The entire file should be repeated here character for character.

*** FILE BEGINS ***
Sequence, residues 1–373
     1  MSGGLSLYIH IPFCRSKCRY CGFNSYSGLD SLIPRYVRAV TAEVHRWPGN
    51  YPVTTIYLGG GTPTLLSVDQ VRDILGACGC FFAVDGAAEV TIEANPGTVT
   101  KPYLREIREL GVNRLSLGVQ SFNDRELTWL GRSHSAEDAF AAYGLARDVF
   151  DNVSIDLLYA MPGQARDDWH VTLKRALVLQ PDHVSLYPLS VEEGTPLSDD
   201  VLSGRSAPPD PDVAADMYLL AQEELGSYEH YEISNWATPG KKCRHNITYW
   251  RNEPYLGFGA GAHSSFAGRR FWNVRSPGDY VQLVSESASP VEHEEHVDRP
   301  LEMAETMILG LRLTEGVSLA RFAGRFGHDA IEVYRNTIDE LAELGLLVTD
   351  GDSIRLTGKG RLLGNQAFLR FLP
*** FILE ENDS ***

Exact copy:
Sequence, residues 1–373
     1  MSGGLSLYIH IPFCRSKCRY CGFNSYSGLD SLIPRYVRAV TAEVHRWPGN
    51  YPVTTIYLGG GTPTLLSVDQ VRDILGACGC FFAVDGAAEV TIEANPGTVT
   101  KPYLREIREL GVNRLSLGVQ SFNDRELTWL GRSHSAEDAF AAYGLARDVF
   151  DNVSIDLLYA MPGQARDDWH VTLKRALVLQ PDHVSLYPLS VEEGTPLSDD
   201  VLSGRSAPPD PDVAADMYLL AQEELGSYEH YEISNWATPG KKCRHNITYW
   251  RNEPYLGFGA GAHSSFAGRR FWNVRSPGDY VQLVSESASP VEHEEHVDRP
   301  LEMAETMILG LRLTEGVSLA RFAGRFGHDA IEVYRNTIDE LAELGLLVTD
   351  GDSIRLTGKG RLLGNQAFLR FLP